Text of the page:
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Historical photo show 100 years ago header

100 Years Ago

Black History
Civil War
Gold Rush
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Business of Slavery

It was a simple system. Ships left European ports laden with goods and supplies for the slave traders of western Africa, that were, upon delivery, used as barter and payment to acquire slaves from slave raiders (kidnappers) and powerful tribes that preyed upon lesser tribes. With their cargo of human bondage trapped in the crowded, filthy bowels of their vessels, they crossed the Atlantic Ocean to unload their valued slave cargo in exchange for tobacco and other crops and merchandise which they loaded in their now empty cargo holds for delivery to Europe.

Upon arriving back in Europe, profits were shared, and the process began again, fully sanctioned, and encouraged by the powerful leaders and governments of the day. Many of America’s successful leaders owned slaves, including George Washington and Thomas Jefferson. Unlike Jefferson’s slaves, Washington’s slaves were given their freedom upon his death. By 1750, there were approximately 200,000 slaves in the colonies, and up to 40,000 free blacks, mostly in the north. They were free for various reasons and resented the English presence. Crispus Attucks, a black American patriot, was killed during the Boston Massacre of 1770 in a confrontation with British soldiers.

During the War of Independence (1775-1783), British armies roamed the South battling revolutionary forces and attempting to incite black riots against those that controlled them. Although the action was primarily unsuccessful, several thousand blacks did escape to the protection of British General Cornwallis as he moved north toward his fateful encounter with American forces at Yorktown. During the battle and before his surrender on October 19, 1781, he encouraged the blacks in his care to attempt to escape to freedom by crossing the American lines. Caught in the no-mans land between the combatants, many of them perished.  Upon the conclusion of the war in 1783, the defeat of Great Britain, and the ceding of her vast land holdings on the continent, (which included Ohio), to the new United States of America, a movement began to contain slavery to the original colonies.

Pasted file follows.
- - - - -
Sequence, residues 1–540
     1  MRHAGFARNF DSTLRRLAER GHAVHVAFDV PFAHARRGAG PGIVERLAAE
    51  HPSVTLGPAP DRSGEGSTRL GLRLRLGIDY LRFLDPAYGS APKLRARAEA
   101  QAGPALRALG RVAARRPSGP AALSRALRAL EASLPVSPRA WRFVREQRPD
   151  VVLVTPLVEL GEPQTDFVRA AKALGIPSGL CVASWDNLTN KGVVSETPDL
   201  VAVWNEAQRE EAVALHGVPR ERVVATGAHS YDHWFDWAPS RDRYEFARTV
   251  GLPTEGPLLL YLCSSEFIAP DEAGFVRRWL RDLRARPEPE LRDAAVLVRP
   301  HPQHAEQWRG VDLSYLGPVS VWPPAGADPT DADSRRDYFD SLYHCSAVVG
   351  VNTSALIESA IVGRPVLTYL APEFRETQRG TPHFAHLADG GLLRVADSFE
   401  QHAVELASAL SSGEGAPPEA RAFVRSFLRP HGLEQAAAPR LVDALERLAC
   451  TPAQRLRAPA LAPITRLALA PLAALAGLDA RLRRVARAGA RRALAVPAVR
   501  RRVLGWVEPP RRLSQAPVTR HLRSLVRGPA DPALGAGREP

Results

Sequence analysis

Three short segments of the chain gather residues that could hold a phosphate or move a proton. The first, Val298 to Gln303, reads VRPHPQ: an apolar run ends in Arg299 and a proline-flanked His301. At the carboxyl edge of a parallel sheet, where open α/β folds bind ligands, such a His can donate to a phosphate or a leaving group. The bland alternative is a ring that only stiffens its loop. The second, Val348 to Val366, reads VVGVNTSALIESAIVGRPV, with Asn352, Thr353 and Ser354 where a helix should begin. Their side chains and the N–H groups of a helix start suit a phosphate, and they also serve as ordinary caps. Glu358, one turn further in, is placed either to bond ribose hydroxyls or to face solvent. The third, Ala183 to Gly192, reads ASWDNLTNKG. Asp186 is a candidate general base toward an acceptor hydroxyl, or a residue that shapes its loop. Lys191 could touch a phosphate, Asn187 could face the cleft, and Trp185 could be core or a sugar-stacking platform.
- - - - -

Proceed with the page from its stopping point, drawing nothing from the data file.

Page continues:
In 1787, the American Constitution, in order to determine the number of elected seats for each area, counted slaves as three-fifths of a person. A Virginia slave could be bought for 40 pounds (approximately $160). The tearing asunder of families, and the separation of loved ones was one of the terribly tragic consequences of the slave auction block. Marriage and fatherhood between slaves was not legally recognized so that laws protecting such institutions for others could not be applied in slave cases.   The end of the Revolutionary War also brought new attitudes among the northern states about the morality of slavery. More than 5,000 black soldiers had served honorably in the war for independence in defense of their Americanism and the new American nation. Two of America’s distinguished heroes in the 1775 Battle of Bunker Hill, were black men, Peter Salem and Salem Poor of Massachusetts. For this reason, and the realization that slavery was no longer an integral part of the economics of the North, some northern legislatures began the process of abolishing slavery. By the early 1800s, most northern states had ended the practice.

The census of 1790 indicates that 59,000 blacks lived in freedom in the U.S., including about 27,000 of them in the north. They were employed in factories and shipyards, while others became skilled craftsmen, merchants and newspaper men like Samuel Cornish and John Russwurm who helped start the first black newspaper in 1827, "Freedom’s Journal". Although freedom existed, equal treatment would remain elusive far beyond the lifetime of these early free men.

'Black History' segment written in June, 1998 by David Lodge


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